Imagine that we already have installed a copious amount of storage capacity in the cars and trucks and water and space heaters of the above clean future. People get anxious about electricity black-outs the same way we get range anxiety with EVs, or nervous about our cellphone batteries lasting through the day. To address this, we’ll add 24 hours of storage for the electrical load of each home in addition to all of the above. This amounts to a 30kWh battery on average. Using the same $125/kWh costs as above, this is a $3,750 battery. 128 million of them will cost $450 bN or $0.48 T. This is yet another 3.6TWh of storage for the whole grid.

(5) 30 (kWh) X $125 (dollars per kWh) X 128,000,000 ~$0.5 Trillion

2.5 The rest of the electricity (supply side):

The US currently uses about 3.5TW of primary energy of all kinds. As we’ve discussed in Green New Deal: The enormous opportunity in shooting for the moon, we need less than half of that if we sign up for massive electrification. That means we need about 1.75TW. We’ll round that up to 2TW to account for growth and so that no-one can accuse us of underbidding. We already get 0.5TW of that from the solar on every roof as described above. The other 1.5TW we need to generate without also generating carbon emissions. Realistically the lion’s share will come from wind, solar, nuclear, and hydroelectric. Wind and solar both cost around $5/all-day-watt installed. This is a number that roughly factors in their $/W cost and their capacity factors.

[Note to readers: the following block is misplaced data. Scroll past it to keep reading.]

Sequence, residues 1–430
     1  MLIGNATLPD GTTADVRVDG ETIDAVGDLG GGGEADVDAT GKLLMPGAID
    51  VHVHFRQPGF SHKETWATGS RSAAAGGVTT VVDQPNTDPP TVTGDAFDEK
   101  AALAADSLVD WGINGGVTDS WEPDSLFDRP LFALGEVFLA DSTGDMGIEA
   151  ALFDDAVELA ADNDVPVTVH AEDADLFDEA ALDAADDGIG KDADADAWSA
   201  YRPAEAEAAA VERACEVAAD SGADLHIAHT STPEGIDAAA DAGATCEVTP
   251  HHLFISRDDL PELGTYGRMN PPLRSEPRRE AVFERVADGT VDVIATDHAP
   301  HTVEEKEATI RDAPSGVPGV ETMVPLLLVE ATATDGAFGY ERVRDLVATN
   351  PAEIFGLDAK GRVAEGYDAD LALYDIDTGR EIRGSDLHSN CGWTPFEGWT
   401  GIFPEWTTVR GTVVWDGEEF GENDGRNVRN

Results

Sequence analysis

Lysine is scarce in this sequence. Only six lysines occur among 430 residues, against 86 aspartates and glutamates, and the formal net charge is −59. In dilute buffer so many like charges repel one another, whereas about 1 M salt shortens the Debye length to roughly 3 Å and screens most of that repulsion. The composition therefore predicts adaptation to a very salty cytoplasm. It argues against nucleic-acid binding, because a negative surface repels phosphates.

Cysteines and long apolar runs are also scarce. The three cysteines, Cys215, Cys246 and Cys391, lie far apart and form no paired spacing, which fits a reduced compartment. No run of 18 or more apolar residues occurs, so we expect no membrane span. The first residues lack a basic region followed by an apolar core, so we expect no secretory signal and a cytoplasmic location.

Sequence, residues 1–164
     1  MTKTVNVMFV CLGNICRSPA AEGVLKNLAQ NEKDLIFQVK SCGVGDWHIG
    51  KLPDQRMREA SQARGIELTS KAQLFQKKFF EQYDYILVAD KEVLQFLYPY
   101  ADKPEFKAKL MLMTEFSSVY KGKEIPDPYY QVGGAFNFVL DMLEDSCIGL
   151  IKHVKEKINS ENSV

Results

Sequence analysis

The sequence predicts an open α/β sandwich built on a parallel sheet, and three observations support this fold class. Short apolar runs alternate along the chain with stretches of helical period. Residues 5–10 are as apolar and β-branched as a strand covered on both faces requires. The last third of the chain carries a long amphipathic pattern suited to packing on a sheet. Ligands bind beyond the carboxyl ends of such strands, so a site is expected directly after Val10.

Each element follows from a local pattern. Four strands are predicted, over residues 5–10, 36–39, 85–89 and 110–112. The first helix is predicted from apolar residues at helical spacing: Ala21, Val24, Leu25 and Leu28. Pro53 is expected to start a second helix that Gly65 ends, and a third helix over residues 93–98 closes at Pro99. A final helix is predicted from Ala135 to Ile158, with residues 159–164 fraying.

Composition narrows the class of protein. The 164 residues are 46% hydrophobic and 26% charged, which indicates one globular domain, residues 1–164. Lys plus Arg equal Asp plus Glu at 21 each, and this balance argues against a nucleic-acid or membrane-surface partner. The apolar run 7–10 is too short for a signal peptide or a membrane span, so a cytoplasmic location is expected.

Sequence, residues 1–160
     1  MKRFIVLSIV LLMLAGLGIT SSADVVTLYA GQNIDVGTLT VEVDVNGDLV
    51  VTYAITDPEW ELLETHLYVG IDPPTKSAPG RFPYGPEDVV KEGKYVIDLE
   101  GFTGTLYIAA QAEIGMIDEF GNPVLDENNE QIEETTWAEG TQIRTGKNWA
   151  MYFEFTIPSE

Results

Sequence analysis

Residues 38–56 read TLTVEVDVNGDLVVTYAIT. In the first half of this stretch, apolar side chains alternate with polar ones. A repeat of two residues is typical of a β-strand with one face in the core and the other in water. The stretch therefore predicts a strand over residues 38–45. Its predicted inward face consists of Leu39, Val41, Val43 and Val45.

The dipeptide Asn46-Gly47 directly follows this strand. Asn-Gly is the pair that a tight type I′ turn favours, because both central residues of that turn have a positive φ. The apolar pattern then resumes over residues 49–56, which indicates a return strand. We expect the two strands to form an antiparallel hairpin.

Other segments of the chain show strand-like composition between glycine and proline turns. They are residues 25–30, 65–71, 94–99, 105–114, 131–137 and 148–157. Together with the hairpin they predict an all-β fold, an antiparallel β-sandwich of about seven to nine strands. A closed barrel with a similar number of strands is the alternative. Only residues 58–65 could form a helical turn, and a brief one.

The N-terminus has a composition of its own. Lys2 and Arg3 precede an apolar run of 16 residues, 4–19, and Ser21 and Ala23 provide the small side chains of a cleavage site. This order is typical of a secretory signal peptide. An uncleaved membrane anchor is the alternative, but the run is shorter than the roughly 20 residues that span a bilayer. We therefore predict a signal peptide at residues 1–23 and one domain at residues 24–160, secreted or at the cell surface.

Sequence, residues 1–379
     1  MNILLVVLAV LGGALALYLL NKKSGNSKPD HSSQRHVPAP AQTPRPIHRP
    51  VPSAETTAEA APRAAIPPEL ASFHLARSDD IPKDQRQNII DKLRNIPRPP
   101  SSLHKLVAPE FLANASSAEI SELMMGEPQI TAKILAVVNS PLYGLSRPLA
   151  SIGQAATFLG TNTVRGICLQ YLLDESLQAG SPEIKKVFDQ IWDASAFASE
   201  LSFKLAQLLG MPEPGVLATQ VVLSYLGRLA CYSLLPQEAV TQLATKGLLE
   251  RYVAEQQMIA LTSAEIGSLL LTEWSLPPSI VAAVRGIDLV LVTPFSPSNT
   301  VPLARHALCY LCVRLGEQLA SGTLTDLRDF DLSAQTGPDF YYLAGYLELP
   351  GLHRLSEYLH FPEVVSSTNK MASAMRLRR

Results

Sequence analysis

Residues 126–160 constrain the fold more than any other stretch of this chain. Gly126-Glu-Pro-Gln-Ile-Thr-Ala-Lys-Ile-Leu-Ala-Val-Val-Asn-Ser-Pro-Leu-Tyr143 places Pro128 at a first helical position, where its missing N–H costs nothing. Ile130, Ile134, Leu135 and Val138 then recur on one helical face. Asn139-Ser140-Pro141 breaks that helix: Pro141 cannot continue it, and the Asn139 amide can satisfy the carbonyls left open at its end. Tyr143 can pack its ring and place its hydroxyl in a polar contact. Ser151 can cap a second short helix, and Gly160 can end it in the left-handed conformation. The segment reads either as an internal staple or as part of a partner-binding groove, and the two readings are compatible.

(6) 1.5 (TerraWatts) at $5 (/ W) = $7.5 Trillion

2.6 Transmission and distribution (supply and demand):

We have to move all of that electricity around. The grid currently delivers close to 0.5TW. We now will have closer to 1.5TW running over it. We know from the current crop of wind and solar installations that about 10% of the project cost is the cost of transmission and interconnection fees from the remote industrial sites to the grid. We can thus assume a ballpark 10% of 7.5 Trillion dollars = $0.75 T for the new grid capacity to be bought to our homes and businesses. Almost certainly this number is conservative (high) as much more of the grid will be used bi-directionally, and therefore more efficiently, with the generation closer to the consumer than the average industrial wind or solar plant.

(7) 0.1 (10%) of 7.5 (trillion dollars of new capacity) ~0.75 Trillion dollars

3. What we have and haven’t included in the above numbers: